Will the latest cuts in supply chain affect the logistics industry?

Why are some of the world’s largest companies supply chain and the effects on logisticsconsidering slowing down their supply chains?

At the Stifel Transportation and Logistics conference, world-class companies including Dell and Wal-Mart discussed the potential benefits and dangers of intentionally slowing down supply chains, and why it might be beneficial in today’s economic climate. So, what do they know that we don’t?

It is important to remember that supply chain and logistics cost targets are set by fairly high-level executives at companies of this size. There seems to be the feeling at these rarefied levels that it may be time to cut logistics spending, even at the cost of a slower supply chain. They are asking themselves whether the supply chain speed they are currently offering is necessary, desirable, or even profitable. They are wondering whether the improved customer service that a fast supply chain allows is appreciated more than lower prices would be.

Dell has officially slowed their supply chain from 58 hours (about 2 ½ days) to seven days.

This is a significant change, not just because the time has nearly tripled, but also because of the emphasis Dell had previously put on speed. That’s not all they’re changing. Dell is shifting away from its ‘made to order’ model as well, incorporating more units made to stock specifications. Whether the speed change can really be analysed by itself or as part of this major shift is an open question. Dell’s representative’s take on it is that margins in the electronics industry will continue to fall, so the costs associated with a fast, custom-order supply chain were no longer justified, or even profitable.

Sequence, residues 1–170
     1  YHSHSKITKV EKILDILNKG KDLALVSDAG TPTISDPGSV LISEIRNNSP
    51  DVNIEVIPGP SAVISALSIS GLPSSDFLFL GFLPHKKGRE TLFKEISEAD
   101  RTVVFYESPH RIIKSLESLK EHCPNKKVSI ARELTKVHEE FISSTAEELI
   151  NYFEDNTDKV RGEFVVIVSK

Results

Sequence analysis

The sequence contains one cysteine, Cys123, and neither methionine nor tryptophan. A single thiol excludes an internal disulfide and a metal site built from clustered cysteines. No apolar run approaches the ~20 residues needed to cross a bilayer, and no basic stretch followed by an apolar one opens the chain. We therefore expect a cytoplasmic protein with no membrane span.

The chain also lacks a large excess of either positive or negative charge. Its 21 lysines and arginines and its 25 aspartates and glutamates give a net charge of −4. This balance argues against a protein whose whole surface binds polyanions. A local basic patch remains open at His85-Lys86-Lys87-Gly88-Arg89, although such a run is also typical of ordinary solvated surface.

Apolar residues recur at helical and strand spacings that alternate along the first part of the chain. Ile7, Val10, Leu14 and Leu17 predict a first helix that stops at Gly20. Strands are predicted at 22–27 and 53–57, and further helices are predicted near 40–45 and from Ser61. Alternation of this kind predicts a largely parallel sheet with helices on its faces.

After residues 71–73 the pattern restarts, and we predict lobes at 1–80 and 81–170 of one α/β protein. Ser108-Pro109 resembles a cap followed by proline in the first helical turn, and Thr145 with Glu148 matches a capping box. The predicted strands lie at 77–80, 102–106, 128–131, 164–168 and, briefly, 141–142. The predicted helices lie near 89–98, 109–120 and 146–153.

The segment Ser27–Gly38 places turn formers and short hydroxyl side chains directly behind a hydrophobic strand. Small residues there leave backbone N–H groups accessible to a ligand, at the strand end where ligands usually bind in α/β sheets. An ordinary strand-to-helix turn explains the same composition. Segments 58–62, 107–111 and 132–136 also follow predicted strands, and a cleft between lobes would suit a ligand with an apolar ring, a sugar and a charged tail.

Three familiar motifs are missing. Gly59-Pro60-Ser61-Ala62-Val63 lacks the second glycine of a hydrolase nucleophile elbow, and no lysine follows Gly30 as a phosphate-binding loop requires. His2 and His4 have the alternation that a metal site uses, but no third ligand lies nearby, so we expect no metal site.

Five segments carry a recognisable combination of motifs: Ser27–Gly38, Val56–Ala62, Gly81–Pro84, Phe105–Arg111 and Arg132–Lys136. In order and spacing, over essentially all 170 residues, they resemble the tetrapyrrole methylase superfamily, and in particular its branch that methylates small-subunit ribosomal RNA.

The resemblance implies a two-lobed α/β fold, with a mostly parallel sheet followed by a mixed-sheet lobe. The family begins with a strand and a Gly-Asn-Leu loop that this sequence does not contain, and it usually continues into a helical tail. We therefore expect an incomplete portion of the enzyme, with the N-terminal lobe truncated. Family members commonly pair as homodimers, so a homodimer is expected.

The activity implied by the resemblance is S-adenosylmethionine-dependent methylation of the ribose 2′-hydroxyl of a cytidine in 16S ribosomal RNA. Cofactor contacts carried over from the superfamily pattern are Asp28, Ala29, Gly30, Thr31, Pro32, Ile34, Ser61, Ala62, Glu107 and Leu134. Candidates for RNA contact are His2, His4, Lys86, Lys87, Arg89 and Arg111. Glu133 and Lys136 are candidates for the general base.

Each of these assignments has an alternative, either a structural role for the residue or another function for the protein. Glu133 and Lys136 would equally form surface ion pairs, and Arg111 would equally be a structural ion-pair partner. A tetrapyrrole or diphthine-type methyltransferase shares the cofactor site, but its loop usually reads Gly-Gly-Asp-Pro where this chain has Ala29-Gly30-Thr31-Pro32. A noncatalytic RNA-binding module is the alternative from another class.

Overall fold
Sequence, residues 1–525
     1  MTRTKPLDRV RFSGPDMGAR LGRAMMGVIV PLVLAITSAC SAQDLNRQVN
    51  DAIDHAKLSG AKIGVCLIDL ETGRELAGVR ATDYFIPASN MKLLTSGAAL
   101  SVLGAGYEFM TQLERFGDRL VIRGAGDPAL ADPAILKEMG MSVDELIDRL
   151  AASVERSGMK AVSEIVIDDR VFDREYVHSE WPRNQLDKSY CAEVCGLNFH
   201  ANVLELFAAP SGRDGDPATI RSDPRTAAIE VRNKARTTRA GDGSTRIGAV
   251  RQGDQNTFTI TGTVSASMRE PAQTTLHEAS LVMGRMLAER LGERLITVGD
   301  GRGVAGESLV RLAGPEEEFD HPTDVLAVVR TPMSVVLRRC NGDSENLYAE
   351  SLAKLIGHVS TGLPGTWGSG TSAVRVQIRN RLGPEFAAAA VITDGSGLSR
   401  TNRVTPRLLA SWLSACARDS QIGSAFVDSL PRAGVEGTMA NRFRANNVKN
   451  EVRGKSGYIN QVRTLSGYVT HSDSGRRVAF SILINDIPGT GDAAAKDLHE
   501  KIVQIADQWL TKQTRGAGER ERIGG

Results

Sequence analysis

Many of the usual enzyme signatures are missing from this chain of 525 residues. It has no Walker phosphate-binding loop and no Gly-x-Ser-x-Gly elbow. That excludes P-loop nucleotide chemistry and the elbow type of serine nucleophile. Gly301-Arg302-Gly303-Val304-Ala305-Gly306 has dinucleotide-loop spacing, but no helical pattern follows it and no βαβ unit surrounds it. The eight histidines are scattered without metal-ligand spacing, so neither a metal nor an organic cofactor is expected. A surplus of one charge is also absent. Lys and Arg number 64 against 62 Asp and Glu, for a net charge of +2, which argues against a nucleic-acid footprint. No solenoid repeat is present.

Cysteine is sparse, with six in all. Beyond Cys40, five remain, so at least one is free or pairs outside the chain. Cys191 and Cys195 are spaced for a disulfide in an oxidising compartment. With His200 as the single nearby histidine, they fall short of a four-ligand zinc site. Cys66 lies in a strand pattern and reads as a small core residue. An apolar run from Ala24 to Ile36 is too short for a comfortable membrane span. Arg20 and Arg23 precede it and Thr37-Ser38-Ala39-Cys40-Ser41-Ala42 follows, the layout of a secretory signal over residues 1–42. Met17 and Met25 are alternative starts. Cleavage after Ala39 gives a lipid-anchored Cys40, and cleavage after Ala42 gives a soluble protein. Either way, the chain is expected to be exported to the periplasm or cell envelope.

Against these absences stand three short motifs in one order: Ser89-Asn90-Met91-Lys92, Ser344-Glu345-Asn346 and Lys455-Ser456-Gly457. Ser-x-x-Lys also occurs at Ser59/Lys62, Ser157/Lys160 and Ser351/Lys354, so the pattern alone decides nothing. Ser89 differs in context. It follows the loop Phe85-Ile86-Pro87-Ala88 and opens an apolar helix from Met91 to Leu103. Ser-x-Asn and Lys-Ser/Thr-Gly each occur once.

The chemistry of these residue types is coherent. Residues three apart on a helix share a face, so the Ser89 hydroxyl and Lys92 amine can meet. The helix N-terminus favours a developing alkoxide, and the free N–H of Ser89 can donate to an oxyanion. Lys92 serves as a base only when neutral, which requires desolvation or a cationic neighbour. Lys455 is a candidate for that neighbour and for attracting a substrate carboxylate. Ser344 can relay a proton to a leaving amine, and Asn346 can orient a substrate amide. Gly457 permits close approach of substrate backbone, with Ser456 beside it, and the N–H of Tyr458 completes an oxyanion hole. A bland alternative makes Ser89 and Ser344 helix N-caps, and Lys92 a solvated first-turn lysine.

The other shippers on the same panel at Steifel all pointed out different pressures that their organisations were facing, and different reasons to cut costs in areas that have been relatively safe from trimming up until now. Savings are being sought in Asian outsourcing, less expensive packaging options, and closer, more efficient relationships with shippers and third party logistics providers as well. Supply chain slowdown is not the only option on the table for trimming logistics budgets, but it is being used.

On the smaller scale that most of us operate on, this could mean that the big names will be reducing delivery speed and customer service spending in general. As the levels of service they provide fall, smaller companies have several options in how to respond. Some will choose to offer better service and response times, and garner a share of the market there. Others will choose to lower their own costs (and performance) to match, and take advantage of the higher margins.




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